Published in the June, 1995 GOFC Newsletter
Now that spring is here and the wind is supposed to abate, it is time to do some serious fishing. Fishing is a more serious pastime for some people than it is for others. Tempers flare and heated words are exchanged when anglers find someone else at their favorite spot. In the smallest creek, fifty miles from the closest landing makes no difference. When a special or secret spot is occupied by the enemy (anyone else with a fishing rod), courtesy flies over the gunnels.
Courtesy, according to Webster's Collegiate Dictionary, circa 1948 (well, my father used it in his writing and his book The Reconstruction of a Nation was nominated for a Pulitzer Prize in 1967) is defined as "an expression of respect." Since 1948 the definition must have changed to include rudeness and a lack of respect. A few examples of how courteous boaters should behave follow.
We should start this journey as most boaters do, at the ramp as we prepare to launch the boat. While you are waiting in line to put your boat in the water, get the boat ready. Take the straps off, install drain plugs, and put everything in the boat before you back down the ramp. This is good practice even if you are the only one in line. It is probably a good idea to leave the winch cable attached so your boat will not launch itself prematurely. If the boat ramp is wide enough for three boats to be launched at the same time, don't take up two spots. Make sure whoever is backing your rig into the water knows how to back a trailer. Finally, don't pull your boat back onto the ramp to wait for your partner to return. Most ramps are very slippery, and it is sometimes hard to see a boat, especially a small one, when you are backing a boat and trailer down a steep ramp. Most ramps have docks to tie the boat to load passengers.
Now that you are in the water and your blood pressure is up, you have to watch for anchored boats in the middle of the waterway. Though it is not illegal to anchor anywhere in the river, some people think the best spot to fish is in the middle, especially around a blind curve in the river. As you are responsible for your wake and the damage it causes, you must take care. The best method to pass a small boat anchored is to slow down to a fast idle and proceed. If the boat is larger and there is plenty of room around it, proceed by it with your boat on full plane. The worst choice is to slow down to half throttle and motor past with your bow high in the air. Watch your wake!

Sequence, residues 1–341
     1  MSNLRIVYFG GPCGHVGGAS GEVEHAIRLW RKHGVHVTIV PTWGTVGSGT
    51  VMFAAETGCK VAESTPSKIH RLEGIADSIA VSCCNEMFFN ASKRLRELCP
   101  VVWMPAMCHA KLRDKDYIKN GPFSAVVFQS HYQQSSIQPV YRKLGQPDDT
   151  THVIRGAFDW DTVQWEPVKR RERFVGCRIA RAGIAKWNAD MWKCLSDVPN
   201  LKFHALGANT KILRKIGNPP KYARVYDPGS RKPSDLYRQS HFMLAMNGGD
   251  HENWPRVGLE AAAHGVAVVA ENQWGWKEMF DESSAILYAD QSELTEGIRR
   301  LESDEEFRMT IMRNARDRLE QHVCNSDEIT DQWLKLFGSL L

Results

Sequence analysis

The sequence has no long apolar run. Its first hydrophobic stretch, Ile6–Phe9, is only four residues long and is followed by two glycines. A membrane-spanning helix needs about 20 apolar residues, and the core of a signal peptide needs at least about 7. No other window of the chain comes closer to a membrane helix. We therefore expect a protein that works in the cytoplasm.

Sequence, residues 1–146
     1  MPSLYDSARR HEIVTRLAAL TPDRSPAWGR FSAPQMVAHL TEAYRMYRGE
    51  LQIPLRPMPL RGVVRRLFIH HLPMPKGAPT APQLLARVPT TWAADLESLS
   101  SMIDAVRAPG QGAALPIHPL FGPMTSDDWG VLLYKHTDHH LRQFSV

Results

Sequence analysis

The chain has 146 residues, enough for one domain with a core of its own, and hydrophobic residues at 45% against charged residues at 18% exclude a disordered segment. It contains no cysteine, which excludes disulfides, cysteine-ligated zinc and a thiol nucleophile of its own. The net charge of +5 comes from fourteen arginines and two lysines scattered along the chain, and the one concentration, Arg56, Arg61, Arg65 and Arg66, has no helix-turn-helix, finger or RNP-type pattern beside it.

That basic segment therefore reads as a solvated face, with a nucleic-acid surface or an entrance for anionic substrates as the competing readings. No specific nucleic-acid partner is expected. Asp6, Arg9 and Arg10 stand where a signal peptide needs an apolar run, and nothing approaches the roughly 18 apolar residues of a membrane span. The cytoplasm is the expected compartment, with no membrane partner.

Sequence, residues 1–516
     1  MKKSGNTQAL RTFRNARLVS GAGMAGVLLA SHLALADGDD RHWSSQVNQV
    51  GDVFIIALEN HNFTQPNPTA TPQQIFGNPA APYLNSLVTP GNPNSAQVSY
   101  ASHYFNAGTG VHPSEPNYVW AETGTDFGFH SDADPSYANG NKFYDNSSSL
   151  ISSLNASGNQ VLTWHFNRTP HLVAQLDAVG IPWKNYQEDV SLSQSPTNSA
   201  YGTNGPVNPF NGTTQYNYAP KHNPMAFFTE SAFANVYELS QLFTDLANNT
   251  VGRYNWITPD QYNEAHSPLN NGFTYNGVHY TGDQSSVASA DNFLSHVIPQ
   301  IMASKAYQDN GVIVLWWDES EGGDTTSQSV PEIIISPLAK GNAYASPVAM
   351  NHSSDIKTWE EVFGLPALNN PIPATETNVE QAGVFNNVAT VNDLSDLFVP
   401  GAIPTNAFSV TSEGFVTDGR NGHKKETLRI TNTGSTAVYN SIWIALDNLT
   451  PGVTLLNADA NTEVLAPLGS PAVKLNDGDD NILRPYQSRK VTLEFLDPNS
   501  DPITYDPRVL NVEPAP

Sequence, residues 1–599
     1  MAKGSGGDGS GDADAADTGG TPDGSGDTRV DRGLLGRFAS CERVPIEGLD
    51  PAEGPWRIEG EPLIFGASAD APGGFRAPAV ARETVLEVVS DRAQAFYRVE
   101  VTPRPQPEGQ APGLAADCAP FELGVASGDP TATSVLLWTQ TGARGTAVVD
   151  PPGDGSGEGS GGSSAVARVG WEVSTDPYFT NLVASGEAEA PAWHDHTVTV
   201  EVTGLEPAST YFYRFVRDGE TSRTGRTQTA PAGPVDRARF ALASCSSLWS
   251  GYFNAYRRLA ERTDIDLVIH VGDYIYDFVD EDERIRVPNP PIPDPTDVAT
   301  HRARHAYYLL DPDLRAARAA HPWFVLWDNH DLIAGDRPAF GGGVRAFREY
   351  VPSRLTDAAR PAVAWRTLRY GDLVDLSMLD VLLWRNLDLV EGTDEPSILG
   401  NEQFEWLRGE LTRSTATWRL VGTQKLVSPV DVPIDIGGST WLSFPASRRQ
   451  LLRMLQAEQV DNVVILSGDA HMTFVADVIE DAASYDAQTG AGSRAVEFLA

There are hundreds of spots in the river to fish, so go to your second best spot if someone is already fishing your best. You know they aren't as good a fisherman as you and won't catch any of the fish anyway. This is hard to do in the Steinhatchee River since all boats converge on the first boat that catches a fish. It is really fun to watch a 40-foot stone crab boat at full speed weave in and out around fifty boats from Georgia in the winter. It is illegal to anchor in a marked channel, and you can be ticketed for it.
As you leave the land behind, the choice of fishing spots increases greatly, and there is little reason to get close to anyone. So why do people do it? I don't know. Misery loves company, I guess. Some fishermen have "last marker visible fishing spot syndrome" (LMVFSS). They go just far enough past the last channel marker so they can still see the marker and the way home. The second boat to arrive has "anchor close to someone who knows where the fish are syndrome" (ACTSWKWTHFAS). This goes on and on until there is a flotilla of boats within sight of each other and the last marker. Pity the poor boat in this group that actually catches a fish, as the occupants dodge hooks, sinkers and lures thrown in their direction by action-starved fishermen. Interspersed in this group are other boaters that have "anchor close to someone who can pull you home syndrome" (JERK). They are the boats that have the cover of the engine off on the way out to fish.
There is really no reason to get close enough to read the FL numbers on any boat unless you are good friends sharing fishing spots, or unless you are the Coast Guard and there are bikinis in the other boat.
When you are drift fishing an area with other boats, time your drift so you are far enough away not to interfere with the others. When you drift out of the productive area, idle back to start again, being careful not to disturb the fish and the other boaters. Remember that all boats don't drift the same speed and direction, and that a boat will drift a straighter course with the lower unit out of the water
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This page last updated 3 November, 1996
Charles H. Courtney (email@example.com)